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Resilience, Determination, & Other Life Lessons Learned at the Movies

I loved Disney movies when I was a kid. While I enjoyed the cartoons, what I really loved were the live-action films with an uplifting message. They were schmaltzy and somewhat simplistic in their messages, but they were fun to watch and always left you with an easily digestible life lesson. Looking back, I think that my favorite was “Follow Me Boys” starring Fred McMurray and a really young Kurt Russell. I owned a VHS copy and watched it over and over again. The movie was about a guy who loves working with kids, becomes the scout leader for the town, and ultimately helps a generation of kids grow into a young people of character. Now that I think about it, maybe that film influenced my desire to be a camp director. 


This past weekend I took my kids to see a new Disney movie called McFarland, USA, and it that harkened back to those Disney films that I loved from from the 60’s and 70’s. It’s about a group of extremely poor teens living in rural California during the mid-80’s. They are all Mexican-American, and they, along with their parents, support their families by picking the fruits and vegetables that the rest of the country eats. They reach the fields to perform back breaking work in the hours before their schoolday begins, and somehow have enough energy to make it through a school day, AND afternoon varsity sports. A new high school coach comes to town and he is inspired by the athletic prowess, and incredible work ethic, of these students. Seeing that the teens are gifted runners (as one actor says in the film “I don’t have a car and I need to get places”) he creates a Cross Country team, and the film goes on to the chronicle their successes and failures.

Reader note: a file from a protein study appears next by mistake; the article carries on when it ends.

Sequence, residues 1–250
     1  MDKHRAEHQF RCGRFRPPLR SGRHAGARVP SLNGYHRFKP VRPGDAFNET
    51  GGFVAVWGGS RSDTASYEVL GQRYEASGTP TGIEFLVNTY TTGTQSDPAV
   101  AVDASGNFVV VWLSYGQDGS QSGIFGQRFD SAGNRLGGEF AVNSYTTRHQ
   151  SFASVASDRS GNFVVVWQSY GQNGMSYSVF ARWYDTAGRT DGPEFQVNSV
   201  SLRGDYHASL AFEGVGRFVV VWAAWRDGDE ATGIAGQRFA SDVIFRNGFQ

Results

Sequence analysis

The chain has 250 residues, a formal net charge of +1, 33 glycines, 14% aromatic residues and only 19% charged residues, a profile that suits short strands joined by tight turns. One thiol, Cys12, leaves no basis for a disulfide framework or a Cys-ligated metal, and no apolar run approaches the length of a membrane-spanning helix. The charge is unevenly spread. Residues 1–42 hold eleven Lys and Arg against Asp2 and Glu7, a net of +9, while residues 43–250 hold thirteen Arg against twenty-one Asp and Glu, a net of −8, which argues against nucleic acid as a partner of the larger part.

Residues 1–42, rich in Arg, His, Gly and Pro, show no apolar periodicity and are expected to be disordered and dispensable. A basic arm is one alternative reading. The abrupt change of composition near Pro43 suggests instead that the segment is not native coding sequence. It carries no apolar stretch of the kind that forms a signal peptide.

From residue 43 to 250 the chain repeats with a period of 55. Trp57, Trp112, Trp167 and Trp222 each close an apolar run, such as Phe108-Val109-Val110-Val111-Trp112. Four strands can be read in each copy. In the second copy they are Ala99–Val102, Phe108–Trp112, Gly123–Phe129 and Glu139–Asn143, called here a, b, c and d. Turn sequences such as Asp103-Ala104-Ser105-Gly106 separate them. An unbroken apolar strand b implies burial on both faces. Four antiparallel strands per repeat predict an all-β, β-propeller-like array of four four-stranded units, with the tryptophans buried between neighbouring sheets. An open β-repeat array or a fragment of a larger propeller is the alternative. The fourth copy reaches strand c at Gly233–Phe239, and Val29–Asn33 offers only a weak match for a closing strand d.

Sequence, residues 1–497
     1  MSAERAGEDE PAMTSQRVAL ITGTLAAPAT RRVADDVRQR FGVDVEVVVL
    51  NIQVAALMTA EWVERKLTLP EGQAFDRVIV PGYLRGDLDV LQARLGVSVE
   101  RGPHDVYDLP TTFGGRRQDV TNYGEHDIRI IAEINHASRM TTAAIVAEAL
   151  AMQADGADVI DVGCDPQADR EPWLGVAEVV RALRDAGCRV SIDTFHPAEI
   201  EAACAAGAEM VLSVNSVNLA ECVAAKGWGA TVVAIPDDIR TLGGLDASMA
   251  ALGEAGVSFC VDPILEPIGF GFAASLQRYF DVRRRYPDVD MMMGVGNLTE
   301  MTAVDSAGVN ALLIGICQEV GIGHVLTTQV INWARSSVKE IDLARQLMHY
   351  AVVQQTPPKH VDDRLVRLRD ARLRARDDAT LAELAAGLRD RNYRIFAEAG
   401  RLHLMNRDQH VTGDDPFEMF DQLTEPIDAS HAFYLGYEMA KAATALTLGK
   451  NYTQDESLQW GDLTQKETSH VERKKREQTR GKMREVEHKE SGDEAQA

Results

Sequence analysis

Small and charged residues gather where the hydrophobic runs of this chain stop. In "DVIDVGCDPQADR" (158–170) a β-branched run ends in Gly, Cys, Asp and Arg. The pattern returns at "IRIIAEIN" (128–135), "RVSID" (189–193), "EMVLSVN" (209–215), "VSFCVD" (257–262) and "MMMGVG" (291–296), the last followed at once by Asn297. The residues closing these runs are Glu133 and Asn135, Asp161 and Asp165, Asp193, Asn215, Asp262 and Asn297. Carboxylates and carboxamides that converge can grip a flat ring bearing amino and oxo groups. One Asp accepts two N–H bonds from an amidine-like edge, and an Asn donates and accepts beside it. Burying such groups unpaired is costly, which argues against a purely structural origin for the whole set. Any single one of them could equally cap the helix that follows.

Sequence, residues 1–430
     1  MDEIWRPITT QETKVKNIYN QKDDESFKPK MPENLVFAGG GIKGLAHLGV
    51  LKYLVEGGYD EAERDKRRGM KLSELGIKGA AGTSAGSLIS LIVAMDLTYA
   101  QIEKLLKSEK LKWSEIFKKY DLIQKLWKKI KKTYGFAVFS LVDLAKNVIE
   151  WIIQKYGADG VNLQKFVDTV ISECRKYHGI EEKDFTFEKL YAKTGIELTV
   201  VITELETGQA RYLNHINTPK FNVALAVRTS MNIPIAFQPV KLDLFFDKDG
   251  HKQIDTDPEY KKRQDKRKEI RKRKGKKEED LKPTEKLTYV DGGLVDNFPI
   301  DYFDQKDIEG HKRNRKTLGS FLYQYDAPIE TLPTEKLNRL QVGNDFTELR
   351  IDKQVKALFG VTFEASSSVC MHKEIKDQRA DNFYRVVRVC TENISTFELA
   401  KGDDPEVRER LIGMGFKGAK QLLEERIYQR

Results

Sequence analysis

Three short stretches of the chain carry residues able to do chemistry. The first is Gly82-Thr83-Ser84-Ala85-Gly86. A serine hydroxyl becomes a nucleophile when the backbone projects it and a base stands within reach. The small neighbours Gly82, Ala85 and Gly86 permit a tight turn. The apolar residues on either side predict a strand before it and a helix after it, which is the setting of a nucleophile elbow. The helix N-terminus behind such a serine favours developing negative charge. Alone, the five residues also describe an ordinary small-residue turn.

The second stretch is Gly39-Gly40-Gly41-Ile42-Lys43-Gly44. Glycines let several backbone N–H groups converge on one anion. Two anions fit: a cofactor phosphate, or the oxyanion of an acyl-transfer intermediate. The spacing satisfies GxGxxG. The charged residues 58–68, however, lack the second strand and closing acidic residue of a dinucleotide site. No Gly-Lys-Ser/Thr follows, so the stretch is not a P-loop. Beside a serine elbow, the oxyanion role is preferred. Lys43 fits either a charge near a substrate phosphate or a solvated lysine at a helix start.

It’s a great story, and the sort of feel-good movie I grew up loving (do yourself a favor and bring along some tissues. It gets emotional). That said, as we were leaving the theater I found myself marveling at some of the things that didn’t happen in this movie. First, it avoided the trap of so many sports films that have come before it. It avoided the montage where, set to inspirational music, the rag-tag group of misfits quickly comes together as a team and is suddenly and miraculously poised for greatness. Instead, we see how gruelingly hard these young men worked, day in and day out. We see them truly struggle both physically and emotionally as they labor towards their goal of becoming elite runners.

Second, unlike so many “based on a true story” films, this story wasn’t about how the coach turned his players into people of value, but rather, how the he was able to recognize what made each of his athletes special. By getting to know them as people, and understanding their unique set of attributes and talents, he was able to see their potential and help them realize it.